Walmart cut its profit outlook in July, aggressively marking down some merchandise, as it noticed consumers buying fewer high-margin discretionary items. At the time, however, it raised its comparable sales projection because of stronger-than-expected grocery sales.
The discounter also made progress with an industry-wide headache: a glut of excess inventory. Walmart’s inventory was up 13% year over year in the third quarter. That’s down from about 26% in the second quarter and 32% in the first quarter.
Rainey said Walmart has canceled orders, increased markdowns and cleared through the backlog of merchandise stuck at ports. Now, he said most of those goods are at stores. He said about 70% of the inventory increase is from inflation rather than more units.
“From a unit perspective, we find ourselves in a much, much better place than we did in the first part of the year,” he said.
Comparable sales for Walmart U.S. rose 8.2%, excluding fuel. That topped analysts’ expectations of 3.6% growth, according to StreetAccount. The key retail metric, also called same-store sales, includes sales from Walmart stores and clubs open for the at least a year, including remodels, relocations and expansions.
Comparable sales for Sam’s Club jumped 10%, excluding fuel, and surpassed Wall Street’s expectations of 8.7%, according to StreetAccount. Walmart does not disclose the membership count for the warehouse club, but the company said its membership income increased 8% and its member count hit an all-time high.
Walmart’s international business was one of the quarter’s bright spots. Net sales rose 7.1% to $25.3 billion, an increase of $1.7 billion, though negatively affected by $1.5 billion from currency fluctuations. Its business in Mexico, WalMex, led the way with double-digit growth. China also had strong growth, with the highest volume of online sales across the globe.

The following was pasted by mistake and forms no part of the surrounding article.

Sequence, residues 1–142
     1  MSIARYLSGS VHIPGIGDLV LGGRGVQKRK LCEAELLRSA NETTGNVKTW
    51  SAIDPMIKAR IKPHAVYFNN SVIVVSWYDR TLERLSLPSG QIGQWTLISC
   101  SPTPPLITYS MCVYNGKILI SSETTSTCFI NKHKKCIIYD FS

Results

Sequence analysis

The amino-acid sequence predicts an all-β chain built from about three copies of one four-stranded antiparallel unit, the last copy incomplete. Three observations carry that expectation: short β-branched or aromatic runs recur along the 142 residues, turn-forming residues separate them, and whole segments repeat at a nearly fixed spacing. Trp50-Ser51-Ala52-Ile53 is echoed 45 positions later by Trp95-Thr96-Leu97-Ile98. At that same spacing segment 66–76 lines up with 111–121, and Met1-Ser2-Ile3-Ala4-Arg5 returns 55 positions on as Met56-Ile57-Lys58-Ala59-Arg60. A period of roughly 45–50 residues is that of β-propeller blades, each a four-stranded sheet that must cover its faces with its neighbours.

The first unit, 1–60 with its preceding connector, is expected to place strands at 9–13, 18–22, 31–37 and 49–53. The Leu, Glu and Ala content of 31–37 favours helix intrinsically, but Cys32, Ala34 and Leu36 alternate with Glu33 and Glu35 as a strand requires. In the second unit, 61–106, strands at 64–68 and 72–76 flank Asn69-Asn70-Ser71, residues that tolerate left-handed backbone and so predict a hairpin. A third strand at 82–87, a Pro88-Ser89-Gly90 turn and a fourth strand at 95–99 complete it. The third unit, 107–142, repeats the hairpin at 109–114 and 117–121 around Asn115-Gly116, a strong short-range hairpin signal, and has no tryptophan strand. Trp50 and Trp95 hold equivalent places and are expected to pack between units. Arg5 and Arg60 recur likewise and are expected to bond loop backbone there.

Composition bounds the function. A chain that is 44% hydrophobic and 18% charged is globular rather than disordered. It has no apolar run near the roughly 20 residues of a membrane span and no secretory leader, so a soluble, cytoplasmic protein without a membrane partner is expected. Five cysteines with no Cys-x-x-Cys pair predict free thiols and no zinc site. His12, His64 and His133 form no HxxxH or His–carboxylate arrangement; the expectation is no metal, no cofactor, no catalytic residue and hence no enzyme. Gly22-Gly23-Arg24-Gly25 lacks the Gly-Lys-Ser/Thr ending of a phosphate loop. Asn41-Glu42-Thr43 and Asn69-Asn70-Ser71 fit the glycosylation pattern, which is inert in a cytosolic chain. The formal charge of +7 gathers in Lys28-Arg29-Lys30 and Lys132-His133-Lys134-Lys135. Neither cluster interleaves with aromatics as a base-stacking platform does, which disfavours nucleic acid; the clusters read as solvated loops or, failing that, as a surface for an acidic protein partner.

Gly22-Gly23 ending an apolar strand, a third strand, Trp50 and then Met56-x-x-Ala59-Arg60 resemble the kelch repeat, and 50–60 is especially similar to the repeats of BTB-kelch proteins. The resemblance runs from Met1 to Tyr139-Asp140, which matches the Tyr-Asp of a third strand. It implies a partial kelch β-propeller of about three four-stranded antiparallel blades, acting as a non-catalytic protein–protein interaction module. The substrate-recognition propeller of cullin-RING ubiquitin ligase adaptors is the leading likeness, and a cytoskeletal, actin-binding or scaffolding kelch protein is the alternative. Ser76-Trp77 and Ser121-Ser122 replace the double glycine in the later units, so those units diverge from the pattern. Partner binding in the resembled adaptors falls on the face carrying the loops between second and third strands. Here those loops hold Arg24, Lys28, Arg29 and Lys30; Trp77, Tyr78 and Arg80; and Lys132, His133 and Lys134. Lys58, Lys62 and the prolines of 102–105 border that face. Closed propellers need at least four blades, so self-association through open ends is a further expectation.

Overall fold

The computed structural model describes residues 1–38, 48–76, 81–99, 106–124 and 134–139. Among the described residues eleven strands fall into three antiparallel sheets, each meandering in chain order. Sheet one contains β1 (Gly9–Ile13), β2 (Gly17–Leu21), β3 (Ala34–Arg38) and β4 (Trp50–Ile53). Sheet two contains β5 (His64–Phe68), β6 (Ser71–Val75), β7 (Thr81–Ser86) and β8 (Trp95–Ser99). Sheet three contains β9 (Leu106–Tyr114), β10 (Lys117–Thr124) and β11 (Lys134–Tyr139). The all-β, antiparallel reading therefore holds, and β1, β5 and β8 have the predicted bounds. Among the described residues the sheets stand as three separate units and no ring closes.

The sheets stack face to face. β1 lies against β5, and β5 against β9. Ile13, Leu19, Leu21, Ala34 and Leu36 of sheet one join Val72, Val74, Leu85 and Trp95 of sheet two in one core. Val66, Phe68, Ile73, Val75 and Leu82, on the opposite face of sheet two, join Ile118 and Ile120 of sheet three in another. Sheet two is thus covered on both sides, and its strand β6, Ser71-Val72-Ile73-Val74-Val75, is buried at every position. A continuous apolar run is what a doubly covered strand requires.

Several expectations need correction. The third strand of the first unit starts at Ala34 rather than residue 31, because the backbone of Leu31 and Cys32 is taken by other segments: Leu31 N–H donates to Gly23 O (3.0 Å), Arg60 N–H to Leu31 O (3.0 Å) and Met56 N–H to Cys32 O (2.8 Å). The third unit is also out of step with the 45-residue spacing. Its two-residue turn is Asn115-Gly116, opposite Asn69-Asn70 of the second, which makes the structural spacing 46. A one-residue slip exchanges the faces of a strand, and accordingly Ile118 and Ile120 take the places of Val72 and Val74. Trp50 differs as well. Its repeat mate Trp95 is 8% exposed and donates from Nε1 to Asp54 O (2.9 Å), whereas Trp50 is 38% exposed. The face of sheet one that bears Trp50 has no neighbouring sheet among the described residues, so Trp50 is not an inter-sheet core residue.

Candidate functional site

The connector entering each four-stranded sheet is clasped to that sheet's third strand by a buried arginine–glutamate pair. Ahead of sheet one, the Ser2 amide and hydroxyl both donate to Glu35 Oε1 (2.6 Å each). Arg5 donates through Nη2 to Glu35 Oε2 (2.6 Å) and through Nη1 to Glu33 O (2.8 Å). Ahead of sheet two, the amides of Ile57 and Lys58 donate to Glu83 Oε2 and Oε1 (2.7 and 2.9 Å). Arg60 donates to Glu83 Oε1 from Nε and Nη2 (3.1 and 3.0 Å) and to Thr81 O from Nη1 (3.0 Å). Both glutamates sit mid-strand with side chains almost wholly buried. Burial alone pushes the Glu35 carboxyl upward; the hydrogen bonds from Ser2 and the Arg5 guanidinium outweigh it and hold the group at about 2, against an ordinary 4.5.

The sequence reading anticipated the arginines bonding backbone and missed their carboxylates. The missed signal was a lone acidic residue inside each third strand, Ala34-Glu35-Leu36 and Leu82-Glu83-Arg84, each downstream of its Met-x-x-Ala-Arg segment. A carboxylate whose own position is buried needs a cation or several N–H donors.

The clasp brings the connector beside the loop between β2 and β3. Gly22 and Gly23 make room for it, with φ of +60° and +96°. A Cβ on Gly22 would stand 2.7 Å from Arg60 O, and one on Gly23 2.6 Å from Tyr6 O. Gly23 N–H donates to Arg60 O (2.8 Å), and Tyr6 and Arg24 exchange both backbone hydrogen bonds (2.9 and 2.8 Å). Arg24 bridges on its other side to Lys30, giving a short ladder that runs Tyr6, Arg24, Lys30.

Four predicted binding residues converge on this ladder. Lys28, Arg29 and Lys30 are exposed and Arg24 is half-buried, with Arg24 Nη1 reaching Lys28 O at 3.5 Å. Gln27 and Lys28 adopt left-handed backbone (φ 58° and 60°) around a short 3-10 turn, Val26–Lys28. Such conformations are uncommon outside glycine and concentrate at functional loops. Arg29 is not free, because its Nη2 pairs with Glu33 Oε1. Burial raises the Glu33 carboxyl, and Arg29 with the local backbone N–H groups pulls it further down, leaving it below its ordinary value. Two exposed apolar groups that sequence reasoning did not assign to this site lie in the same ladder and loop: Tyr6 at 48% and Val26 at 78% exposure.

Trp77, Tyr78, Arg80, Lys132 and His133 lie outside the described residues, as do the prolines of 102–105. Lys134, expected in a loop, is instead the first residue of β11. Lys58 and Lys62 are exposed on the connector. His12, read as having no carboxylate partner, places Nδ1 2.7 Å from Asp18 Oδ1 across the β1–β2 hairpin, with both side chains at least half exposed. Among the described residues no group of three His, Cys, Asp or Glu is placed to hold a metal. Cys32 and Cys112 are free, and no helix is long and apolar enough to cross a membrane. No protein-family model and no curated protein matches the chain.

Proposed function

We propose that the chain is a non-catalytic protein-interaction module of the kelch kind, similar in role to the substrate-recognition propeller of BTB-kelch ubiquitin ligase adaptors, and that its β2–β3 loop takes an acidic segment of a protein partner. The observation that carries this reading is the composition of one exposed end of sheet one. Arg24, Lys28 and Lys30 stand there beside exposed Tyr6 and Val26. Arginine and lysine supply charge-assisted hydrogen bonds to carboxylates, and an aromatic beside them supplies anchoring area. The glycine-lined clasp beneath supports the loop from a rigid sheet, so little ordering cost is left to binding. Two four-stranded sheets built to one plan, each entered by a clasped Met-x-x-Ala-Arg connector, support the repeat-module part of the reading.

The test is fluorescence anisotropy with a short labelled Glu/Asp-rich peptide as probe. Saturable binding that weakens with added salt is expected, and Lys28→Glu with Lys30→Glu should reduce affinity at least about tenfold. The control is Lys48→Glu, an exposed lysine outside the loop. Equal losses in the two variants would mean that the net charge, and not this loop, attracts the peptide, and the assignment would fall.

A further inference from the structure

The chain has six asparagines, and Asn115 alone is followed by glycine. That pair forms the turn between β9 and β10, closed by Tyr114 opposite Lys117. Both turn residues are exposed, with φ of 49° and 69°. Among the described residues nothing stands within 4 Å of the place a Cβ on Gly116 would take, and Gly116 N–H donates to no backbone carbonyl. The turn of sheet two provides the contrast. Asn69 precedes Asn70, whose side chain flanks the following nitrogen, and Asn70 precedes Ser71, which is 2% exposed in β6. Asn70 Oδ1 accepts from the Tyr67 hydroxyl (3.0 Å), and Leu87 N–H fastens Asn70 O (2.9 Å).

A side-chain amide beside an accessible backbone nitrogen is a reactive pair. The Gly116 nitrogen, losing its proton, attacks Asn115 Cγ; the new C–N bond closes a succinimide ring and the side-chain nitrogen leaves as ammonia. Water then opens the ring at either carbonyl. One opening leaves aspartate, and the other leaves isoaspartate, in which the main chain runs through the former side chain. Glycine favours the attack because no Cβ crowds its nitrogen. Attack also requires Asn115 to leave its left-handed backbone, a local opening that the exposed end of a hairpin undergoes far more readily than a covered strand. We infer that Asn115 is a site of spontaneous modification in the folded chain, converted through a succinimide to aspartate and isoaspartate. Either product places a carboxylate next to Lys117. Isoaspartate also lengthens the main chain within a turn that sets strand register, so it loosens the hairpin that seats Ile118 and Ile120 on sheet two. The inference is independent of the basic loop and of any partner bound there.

Gearing up for the holidays
Walmart is navigating a more challenging backdrop as it gears up for the holidays. Inflation is near a four-decade high, driving up the prices of housing, gas and more. Competitors are dangling deep discounts to try to clear through excess inventory. And consumers are spending again on travel, dining out and other experiences.
Walmart gave a more conservative outlook for the holiday quarter. It said it anticipates comparable sales for Walmart U.S. will rise about 3%, excluding fuel. That is below Wall Street’s expectations of 3.5% growth, according to StreetAccount.
It expects adjusted earnings per share to drop by 3% to 5% in the fourth quarter and consolidated net sales to grow by about 3%, as it is, negatively affected by approximately $1.3 billion from currency fluctuations.
So far, Rainey said the holidays are “off to a pretty solid start,” but “consumers are using discretion in terms of what they’re buying.”
On a call with investors, he said the company’s guidance for the months ahead “assumes that the consumer could slow spending, especially in general merchandise categories given persistent inflationary pressures in food and consumables.”
McMillon said this holiday season is harder to predict and will be more promotional. He said consumers may turn to Walmart in late December and January, as they “are particularly price sensitive.
“This will be one of those years where we’re watching sales closely up until the last minute of Christmas Eve,” he said. “And then we’ll do a lot of business after.”
Read Walmart’s earnings release here.
This story is developing. Please check back for updates.